We recently celebrated some significant feasts in the liturgical cycle of the Church: The Ascension, Pentecost, Trinity Sunday, Corpus Christi. In a way the readings of this Sunday see a return to Ordinary Sunday celebrations. You may well ask the question: ‘what is ordinary in these times’? Many new phrases have become the norm in our vocabulary (lock down, social distancing, coughing etiquette). And in the commercial world we are being re-trained into the ‘new-norm’, of for example, queuing, something new to many of us in the Western world.
In today’s gospel the word fear is mentioned three times, and this surely resonates with the anxieties we have lived through during this pandemic. The invitation from Matthew is: to contemplate what has been whisperedto us during lock-down, to ponder and give thanks for what we appreciate now after cocooning for the past months, to imagine what the ‘new-norm’ might be and to consider what we want to proclaim, acknowledge and give thanks for as we emerge from our cocooning. What do we appreciate now about our caring God?
Matthew reassures us – the hairs of our heads are counted (and they are much longer now for sure!!) The little sparrows surely help us, as we contemplate them in our gardens. Signs that the ordinary or rather extraordinary/ miraculous cycle of life continues. And that life matters to God. All lives matter to God, black, white, green, in fact the whole community of life matters to God. And therefore let us make sure the community of life matters to us in our ordinary daily reflections and actions.
This weekend marks the longest day in the Northern hemisphere and shortest day in the Southern hemisphere. Imagine the Arctic will be in daylight all day and the Antarctic in darkness. The journey of the earth around the sun and the celebration of summer/ winter solstices (ritualised by our ancestors) are a sign of reassurance and an invitation to embrace the rhythm of life, death and rebirth.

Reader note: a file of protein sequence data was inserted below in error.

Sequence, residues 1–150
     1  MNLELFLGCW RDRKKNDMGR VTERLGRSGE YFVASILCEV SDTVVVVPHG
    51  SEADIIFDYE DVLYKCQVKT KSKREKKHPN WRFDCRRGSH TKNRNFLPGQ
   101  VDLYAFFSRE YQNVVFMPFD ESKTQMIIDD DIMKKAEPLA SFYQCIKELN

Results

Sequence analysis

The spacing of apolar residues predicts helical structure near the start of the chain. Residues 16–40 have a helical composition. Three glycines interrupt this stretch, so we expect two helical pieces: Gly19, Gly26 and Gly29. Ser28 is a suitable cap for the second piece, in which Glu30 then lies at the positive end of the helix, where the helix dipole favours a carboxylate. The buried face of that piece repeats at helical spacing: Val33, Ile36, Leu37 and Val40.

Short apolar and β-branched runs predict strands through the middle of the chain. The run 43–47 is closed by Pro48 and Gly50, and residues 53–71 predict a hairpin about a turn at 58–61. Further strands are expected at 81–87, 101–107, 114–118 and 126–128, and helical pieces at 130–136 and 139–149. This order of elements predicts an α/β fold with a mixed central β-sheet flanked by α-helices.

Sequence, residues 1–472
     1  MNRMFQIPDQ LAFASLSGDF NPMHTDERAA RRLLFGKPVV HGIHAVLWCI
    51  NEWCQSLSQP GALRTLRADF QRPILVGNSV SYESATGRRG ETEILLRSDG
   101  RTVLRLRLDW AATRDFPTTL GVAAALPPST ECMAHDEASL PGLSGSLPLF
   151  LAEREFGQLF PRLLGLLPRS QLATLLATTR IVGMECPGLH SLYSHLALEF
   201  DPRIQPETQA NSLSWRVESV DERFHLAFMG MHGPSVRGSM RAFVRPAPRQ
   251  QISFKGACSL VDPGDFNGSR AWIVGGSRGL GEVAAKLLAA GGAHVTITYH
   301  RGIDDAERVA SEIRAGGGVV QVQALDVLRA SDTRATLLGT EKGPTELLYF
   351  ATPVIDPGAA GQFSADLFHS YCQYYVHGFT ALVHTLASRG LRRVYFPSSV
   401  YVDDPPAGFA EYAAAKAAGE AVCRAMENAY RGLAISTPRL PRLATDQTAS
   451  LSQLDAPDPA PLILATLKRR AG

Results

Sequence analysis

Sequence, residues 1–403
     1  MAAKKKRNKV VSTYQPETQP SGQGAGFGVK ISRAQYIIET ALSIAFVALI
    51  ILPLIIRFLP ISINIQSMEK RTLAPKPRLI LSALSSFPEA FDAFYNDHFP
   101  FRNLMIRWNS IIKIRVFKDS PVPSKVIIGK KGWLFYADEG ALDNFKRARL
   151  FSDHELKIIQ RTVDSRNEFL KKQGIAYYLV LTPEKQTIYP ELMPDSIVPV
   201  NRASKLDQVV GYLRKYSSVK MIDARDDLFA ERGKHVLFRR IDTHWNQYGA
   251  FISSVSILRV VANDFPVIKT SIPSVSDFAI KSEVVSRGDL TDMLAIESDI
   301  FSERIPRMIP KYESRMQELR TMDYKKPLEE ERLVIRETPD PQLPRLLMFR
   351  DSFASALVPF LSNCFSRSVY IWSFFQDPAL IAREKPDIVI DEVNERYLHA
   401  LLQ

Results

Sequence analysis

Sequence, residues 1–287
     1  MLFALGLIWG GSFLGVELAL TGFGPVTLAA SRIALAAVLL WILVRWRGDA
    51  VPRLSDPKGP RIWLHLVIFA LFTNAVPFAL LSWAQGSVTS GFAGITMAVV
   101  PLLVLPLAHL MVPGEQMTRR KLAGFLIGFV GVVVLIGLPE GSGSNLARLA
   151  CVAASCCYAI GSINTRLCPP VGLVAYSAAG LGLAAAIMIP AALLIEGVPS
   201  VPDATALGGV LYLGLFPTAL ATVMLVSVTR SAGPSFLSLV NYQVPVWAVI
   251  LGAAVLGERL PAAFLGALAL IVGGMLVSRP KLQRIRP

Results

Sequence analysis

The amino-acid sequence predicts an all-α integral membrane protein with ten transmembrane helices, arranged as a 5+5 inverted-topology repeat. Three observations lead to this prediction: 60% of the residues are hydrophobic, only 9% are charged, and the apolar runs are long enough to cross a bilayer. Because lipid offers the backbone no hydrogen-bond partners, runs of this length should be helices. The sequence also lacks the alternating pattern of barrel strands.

It is interesting to note that on June 24th Christians celebrate the feast day of St. John the Baptist, ‘He must increase but I must decrease’ (Jn 3:30).
This year the 20th June (summer solstice) has an additional significance. It is particularly significant because on the 20th June 1870 the Dominican Sisters arrived in Wicklow town to begin the ministry of educating the young people.
We give thanks for their contemplation and imagination, which impelled them to leave the comforts of the familiar and to come to this place to serve and promote the Gospel values as Matthew invites us to do today.
“Celebrating the past – Inspiring the future”
Ad multos annos!
(The celebratory motto created by the Dominican Campus committee)
Sr. Colette Kane OP